The department’s aiming for as seamless a solution for medical records as technologically possible, VA Secretary David Shulkin said.
Despite the challenges that lie ahead, Veterans Affairs Secretary David Shulkin said now’s the time to press ahead with the agency’s plan to modernize its electronic health records system and create “as great an interoperability solution as is technologically possible.”
As the VA finalizes its $10 billion contract with Cerner Corp. to put VA on the same electronic health records platform as the Defense Department, Shulkin said he saw it as his job to break the gridlock and address the long-standing issue of disparate medical records head on.
“I’m not going to fall back on waiting for the perfect because you’re always going to wait,” he said Tuesday at a forum hosted by Politico. “Most of the arguments in government are reasons to not take action and maintain the status quo, and that’s what got us into this trouble in the first place.”
The project to put both VA and Defense on Cerner’s platform would allow veterans to seamlessly transfer medical records between agencies and put to rest a costly IT issue that has plagued both organizations for years. Over the next 10 years, VA will transition to the Cerner platform from the Veterans Information Systems and Technology Architecture system, which the agency has relied on since the 1980s.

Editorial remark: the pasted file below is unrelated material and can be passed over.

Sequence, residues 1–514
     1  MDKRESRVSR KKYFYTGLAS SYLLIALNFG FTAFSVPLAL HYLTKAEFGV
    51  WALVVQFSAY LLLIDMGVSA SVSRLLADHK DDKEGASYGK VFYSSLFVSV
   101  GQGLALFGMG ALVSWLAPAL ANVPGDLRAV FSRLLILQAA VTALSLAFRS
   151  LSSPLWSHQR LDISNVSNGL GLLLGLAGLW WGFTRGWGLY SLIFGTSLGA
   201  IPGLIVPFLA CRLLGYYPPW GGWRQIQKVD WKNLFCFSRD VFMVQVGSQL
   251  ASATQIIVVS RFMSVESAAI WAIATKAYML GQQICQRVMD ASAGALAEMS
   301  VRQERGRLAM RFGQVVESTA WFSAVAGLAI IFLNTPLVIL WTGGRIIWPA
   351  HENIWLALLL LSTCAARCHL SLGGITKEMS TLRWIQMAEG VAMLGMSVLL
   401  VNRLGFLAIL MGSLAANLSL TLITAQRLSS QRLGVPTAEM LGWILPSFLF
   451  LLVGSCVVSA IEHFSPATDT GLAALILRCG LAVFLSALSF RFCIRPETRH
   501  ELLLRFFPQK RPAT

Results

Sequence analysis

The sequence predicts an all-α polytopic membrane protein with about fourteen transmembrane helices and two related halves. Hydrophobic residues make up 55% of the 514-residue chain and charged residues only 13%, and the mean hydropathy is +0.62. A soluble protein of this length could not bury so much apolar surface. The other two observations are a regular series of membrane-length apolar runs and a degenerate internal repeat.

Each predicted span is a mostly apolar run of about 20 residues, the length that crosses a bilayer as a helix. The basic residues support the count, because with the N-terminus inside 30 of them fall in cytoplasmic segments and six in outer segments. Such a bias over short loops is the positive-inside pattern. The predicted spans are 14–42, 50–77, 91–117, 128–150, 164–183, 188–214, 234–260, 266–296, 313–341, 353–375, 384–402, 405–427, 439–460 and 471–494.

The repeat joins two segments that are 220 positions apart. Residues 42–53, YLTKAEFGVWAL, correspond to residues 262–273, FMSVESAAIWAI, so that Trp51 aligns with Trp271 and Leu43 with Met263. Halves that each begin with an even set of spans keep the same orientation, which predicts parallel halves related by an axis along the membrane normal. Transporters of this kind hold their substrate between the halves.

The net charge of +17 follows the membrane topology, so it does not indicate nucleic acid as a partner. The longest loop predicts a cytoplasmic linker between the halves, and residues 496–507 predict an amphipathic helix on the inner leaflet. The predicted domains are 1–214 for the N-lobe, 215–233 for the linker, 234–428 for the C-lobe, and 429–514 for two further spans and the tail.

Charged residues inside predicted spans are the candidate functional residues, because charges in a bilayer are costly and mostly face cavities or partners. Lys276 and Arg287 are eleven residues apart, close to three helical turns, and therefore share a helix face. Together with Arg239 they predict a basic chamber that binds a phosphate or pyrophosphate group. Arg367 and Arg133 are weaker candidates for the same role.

The transition to Cerner will entail moving data on the agency’s 9 million beneficiaries from disparate platforms to a single system, a process VA officials have called one of the biggest IT implementations in history. While industry leaders acknowledge the difficulty of the task at hand, they said it will be more a test of motivation than any feats of innovation.
“It’s not a technology problem, and it’s not a VA problem,” said Peter Levin, CEO of Amida Technology Solutions. “This is about political will … and I know that [Shulkin] is holding a very firm line about it."
A commercial platform like Cerner enables the agency to keep up with accelerating advances in IT without diverting as many resources away from veterans, said Shulkin. Because VA allowed local managers to customize each facility’s local platform, Shulkin said there are about 130 different versions of VistA across the country.
“We aren’t in the software business,” he said. “VA had emphasized in its culture innovation over centralization, and we got too far off this way. Good things happened because of it, but we’re suffering the consequences.”
A single standard platform would not only be more efficient, but would also promote more collaboration with Defense. Though the agencies operate a number of joint facilities, they often waste resources on duplicate services, Shulkin said.
“We can’t continue with the current model,” he said. “We have to work closer with DOD. They need us, we need them.”